The “Deplorable Entanglement” of Slavery

Brandon T. Kowalski
The “Deplorable Entanglement” of Slavery The Complexity of Thomas Jefferson and Slavery
presented by Suzanne Perlis

Suitable for History Classes
Adaptable for Grades 6 - 8

Lesson Overview

In this lesson, students will examine maps, photographs, newspapers articles, and documents to answer the essential question regarding the contradiction between Jefferson’s moral view of slavery and his actions towards the institution. Through a step-by-step process, students will examine the primary sources and develop a thesis statement arguing whether Jefferson was against slavery or supported slavery.

Essential Questions

Are there contradictions between Thomas Jefferson’s moral views of slavery and his actions towards the institution?

Was Thomas Jefferson in favor of or against slavery?


In this lesson students will be able to:

  • Analyze the primary source documents
  • Compare the documents and develop a thesis for an argumentative essay
  • Evaluate the documents to create a position of Jefferson’s view on slavery

Number of Class Periods

This lesson plan was developed to take 2 - 3 forty-five minute class periods.

Grade Levels

This lesson is suitable for 10th through 12th grade.

Historical Context

As Thomas Jefferson sat down in 1776 to write the words, “all men are created equal…with certain inalienable rights”, 20% of the population in the thirteen British colonies in North America was of African descent serving their masters as slaves. Although slavery existed in all thirteen British colonies in 1776, the economy of Virginia was particularly dependent on slave labor to produce its cash crop of tobacco.  Virginians, such as Jefferson, relied on enslaved persons for their livelihood. At the age of 21, Thomas Jefferson inherited 5,000 acres and 52 slaves from his father, Peter Jefferson.  Shortly after his marriage to Martha Wayles, Jefferson inherited two more plantations and an additional 135 slaves. By 1776, Jefferson was one of the largest planters in Virginia, owning over 600 slaves over the course of his lifetime. His economic success was reliant on slave labor.

Thomas Jefferson presented his draft of the Declaration of Independence to the Second Continental Congress for their approval in early July of 1776. The first version of the document included in its grievances, an attack on King George III for sponsoring the slave trade. Throughout his writings, Jefferson advocated gradual emancipation and colonization of African-American slaves, calling slavery an “abominable crime.” However, many questions remain regarding Jefferson’s attitudes towards slavery and his personal slave ownership. Slaves at Monticello, Jefferson’s plantation, were not free to enjoy the liberties so eloquently described in the Declaration of Independence. Ultimately, Jefferson himself was unable to separate himself from what he called the “deplorable entanglement” of slavery.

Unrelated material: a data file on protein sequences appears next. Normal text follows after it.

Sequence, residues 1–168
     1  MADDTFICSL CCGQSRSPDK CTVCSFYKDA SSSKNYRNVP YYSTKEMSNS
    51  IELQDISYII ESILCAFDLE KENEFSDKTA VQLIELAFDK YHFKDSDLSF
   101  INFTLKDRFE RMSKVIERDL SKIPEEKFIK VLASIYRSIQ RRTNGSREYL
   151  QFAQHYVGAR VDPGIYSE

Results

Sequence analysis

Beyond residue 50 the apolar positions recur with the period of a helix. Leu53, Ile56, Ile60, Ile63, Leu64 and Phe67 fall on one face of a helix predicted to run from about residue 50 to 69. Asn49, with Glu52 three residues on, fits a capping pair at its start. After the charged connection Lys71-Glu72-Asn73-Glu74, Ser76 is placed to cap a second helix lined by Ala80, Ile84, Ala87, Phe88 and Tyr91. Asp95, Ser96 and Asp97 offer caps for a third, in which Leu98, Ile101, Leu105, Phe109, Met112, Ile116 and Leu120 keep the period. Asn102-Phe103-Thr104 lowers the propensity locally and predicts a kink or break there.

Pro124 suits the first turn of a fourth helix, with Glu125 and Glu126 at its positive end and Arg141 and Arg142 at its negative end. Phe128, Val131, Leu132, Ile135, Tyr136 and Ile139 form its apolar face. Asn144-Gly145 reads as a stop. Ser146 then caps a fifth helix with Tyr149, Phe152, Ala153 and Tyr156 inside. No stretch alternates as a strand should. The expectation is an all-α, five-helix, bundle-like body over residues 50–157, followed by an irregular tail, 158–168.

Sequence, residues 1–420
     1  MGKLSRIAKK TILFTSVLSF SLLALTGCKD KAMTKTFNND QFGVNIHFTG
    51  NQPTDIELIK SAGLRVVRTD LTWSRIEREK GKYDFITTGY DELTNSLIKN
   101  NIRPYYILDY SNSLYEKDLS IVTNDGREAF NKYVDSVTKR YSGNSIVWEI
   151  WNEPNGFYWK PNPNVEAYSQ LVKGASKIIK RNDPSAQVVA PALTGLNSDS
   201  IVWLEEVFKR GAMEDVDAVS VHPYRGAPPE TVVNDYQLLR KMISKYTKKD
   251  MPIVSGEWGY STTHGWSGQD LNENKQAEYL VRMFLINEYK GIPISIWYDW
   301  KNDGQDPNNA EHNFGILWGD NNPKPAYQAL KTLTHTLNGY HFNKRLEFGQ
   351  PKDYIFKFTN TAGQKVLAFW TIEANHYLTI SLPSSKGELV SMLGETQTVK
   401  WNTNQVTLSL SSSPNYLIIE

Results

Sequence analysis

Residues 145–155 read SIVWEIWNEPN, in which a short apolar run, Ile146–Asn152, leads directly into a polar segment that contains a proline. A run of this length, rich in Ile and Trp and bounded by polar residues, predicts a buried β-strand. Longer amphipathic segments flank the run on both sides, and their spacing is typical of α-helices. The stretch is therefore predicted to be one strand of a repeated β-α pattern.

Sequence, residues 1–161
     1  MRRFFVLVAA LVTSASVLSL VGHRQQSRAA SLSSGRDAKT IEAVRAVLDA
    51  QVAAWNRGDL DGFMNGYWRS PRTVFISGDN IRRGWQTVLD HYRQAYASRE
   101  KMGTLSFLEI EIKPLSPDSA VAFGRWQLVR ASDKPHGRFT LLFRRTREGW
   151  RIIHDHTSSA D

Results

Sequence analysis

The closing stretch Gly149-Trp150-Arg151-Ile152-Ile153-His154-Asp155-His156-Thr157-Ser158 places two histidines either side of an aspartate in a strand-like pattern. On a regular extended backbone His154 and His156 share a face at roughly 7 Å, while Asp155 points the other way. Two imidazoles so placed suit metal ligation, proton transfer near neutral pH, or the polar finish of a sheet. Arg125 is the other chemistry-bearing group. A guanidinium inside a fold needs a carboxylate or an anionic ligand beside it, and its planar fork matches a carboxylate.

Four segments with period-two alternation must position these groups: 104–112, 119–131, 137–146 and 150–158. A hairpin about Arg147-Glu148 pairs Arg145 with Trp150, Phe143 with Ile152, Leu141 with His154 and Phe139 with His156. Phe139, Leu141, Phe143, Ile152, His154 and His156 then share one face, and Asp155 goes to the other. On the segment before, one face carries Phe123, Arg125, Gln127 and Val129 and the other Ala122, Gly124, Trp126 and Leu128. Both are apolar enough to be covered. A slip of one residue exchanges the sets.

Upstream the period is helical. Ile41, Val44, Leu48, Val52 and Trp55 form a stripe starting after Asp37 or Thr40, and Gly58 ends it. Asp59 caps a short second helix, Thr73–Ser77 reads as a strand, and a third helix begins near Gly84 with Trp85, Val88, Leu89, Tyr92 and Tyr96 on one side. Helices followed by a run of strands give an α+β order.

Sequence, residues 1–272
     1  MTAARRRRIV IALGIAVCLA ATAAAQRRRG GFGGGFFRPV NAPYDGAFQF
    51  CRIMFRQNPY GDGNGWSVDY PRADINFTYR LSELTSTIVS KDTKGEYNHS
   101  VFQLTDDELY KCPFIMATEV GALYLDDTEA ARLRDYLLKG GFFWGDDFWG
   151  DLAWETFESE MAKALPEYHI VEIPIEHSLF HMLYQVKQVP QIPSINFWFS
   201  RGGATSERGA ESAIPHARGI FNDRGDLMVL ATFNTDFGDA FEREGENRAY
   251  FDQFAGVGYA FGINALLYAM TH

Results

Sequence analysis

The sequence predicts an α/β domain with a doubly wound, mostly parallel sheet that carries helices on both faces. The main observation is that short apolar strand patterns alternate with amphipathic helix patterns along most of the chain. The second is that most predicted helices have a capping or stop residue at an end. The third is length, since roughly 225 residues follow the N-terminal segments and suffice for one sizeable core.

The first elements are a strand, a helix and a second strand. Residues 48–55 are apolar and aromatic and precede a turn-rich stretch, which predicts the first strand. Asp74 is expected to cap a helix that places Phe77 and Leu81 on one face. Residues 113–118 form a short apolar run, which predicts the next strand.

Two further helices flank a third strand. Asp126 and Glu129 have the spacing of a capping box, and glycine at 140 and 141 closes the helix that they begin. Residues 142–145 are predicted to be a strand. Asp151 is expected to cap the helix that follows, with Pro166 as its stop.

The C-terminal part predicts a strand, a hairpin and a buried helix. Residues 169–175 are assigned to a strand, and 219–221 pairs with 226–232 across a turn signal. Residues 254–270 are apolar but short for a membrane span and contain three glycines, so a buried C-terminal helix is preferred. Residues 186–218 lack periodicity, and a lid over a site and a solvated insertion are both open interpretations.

Distribute / project map to the students and have them contemplate the following questions:

  • What generalizations can you make about slavery in the pre-Revolutionary War ear?
  • Is there any information on the map that surprises you?
  • What can you learn about Virginia from the map?
  • How does Virginia compare to other states?

After students have an opportunity to record their responses, hold a discussion and make note of students’ answers.

The teacher will display key observations for students.

The teacher will ask the following question:

Who are some well-known Virginians?

Answers will range from George Washington, Patrick Henry, and hopefully Thomas Jefferson.

Explain that for the rest of the class (and the next class period), the class will focus on Thomas Jefferson who was a slave owner in Virginia.

History Lab Activity

The teacher will divide students into groups of 4-5 students depending on the class size.

Students will travel around the room with their group spending 10-15 minutes on each station.  Students will discuss the document with their group and collectively answer the questions for each document.

Once the students have completed the questions for each station they should discuss with their group the question:

Was Thomas Jefferson in favor of or against slavery?

Students should note which documents support or refute each position.

Assessment and Summary

For homework, students will complete a pre-writing graphic organizer and then write an essay on the topic. Students must use evidence from the documents to prove their thesis.  The essay will be graded based on the attached rubric and writing checklist.

This lesson aligns to key concepts 4, 5, 6 and 10 of Teaching Tolerance’s Teaching Hard History Framework.